When it comes to food marketing, it seems that old is the new “new.”
As the recession continues, food and beverage companies are attempting to evoke memories of childhood — when times were safer, more secure. Experts are calling the technique “Childhood Memory Elicitation” and examples of this retro marketing are suddenly everywhere.
Familiar logos or products that take you back to a time when things were simpler are comforting and can trigger that emotional connection that marketers are striving for. During these stressful times, a link to the past is often very effective. So instead of “new and improved,” the new sales cry is “achingly familiar and reassuringly consistent.”
One of the latest examples is Pepsi and Mountain Dew Throwback — dubbed as refreshingly retro. These limited-time only soft drinks are made with a retro recipe that uses “natural sugar” instead of high fructose corn syrup. That’s fine, but they’re nutritionally equivalent. So this is no free pass to guzzle like you’re in high school. And the “natural sugar” in the throwback sodas is just plain old cane and beet sugar. So don’t confuse “natural” with “healthy.”
Pepsi’s current campaign called “Refresh Everything” brings the nostalgia craze to life on TV with a blending of old and new images. Even the revamped minimalist logo seems to evoke the glory years of the iconic cola.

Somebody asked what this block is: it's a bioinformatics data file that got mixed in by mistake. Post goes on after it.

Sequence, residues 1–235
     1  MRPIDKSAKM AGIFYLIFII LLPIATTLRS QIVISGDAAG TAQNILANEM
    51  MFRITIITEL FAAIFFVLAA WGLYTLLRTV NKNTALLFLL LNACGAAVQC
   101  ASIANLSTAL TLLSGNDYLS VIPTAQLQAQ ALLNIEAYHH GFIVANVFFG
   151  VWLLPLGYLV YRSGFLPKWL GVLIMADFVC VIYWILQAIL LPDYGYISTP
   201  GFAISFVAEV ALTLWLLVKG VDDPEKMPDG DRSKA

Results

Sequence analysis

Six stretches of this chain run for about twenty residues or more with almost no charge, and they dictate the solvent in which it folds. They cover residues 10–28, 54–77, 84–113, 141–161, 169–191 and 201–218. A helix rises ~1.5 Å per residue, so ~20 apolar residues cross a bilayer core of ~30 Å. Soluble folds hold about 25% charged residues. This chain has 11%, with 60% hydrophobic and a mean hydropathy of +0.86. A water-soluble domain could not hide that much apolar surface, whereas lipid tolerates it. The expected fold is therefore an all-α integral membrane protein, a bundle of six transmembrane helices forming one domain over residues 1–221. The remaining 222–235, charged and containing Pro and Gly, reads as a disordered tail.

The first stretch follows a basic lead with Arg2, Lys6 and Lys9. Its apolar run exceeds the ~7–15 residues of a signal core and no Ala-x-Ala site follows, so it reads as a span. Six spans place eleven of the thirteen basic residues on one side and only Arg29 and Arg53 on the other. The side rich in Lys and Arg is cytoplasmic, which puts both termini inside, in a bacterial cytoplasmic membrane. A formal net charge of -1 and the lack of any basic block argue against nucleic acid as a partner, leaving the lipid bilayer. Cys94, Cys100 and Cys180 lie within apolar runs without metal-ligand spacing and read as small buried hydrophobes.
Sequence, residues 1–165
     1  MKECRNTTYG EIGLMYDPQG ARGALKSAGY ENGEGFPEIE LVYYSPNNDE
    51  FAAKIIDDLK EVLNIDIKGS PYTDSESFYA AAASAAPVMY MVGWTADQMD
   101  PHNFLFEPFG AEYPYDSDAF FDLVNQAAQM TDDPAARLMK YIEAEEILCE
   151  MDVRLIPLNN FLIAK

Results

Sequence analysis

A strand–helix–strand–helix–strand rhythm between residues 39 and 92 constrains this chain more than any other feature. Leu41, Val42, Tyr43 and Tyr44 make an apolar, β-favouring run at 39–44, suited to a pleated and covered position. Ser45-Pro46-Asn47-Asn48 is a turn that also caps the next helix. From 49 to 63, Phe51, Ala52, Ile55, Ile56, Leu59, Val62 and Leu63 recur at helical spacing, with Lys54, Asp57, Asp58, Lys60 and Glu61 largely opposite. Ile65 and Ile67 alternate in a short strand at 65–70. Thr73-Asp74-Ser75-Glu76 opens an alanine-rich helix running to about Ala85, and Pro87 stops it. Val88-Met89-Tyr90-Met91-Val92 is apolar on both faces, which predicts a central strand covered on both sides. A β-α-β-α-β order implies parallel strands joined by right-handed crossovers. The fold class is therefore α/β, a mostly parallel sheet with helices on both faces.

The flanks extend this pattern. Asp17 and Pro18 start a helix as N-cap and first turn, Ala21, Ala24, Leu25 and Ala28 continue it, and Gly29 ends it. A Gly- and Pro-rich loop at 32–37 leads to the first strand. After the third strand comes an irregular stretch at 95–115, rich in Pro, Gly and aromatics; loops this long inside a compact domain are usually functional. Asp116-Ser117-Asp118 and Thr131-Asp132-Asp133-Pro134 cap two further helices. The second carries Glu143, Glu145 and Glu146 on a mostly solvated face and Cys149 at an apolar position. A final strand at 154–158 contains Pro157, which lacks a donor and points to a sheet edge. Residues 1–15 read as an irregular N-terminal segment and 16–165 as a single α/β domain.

General Mills got into the vintage game by recreating some classic cereal boxes for a limited promotion at Target. Perhaps you saw these retro boxes popping up on store shelves – Wheaties, Trix, Kix, Cocoa Puffs, Lucky Charms, Honey Nut Cheerios and Golden Grahams.
Beyond the bowl, you can enjoy these childhood favorites by wearing a retro cereal T-shirt.
It seems the nostalgia craze is not just limited to food. Entrepreneur magazine reports that signs of the retro trend are everywhere. Bowling alleys are glam again, roller rinks are attracting a new generation, and even drive-in movie theaters have halted their long slide toward oblivion. Even in these high-tech times, board games seem to be enjoying a resurgence. Research by The Intelligence Group, a New York City-based market research firm, found that 14- to 34-year olds known as “trendsetters” prefer board games to video games by a margin of 60 to 40 percent. That’s why a company called Winning Moves re-introduced ’50s favorites Parcheesi and Careers — complete with their original packaging.
As I said in my earlier post about the simplicity trend, sometimes what’s old is really new again.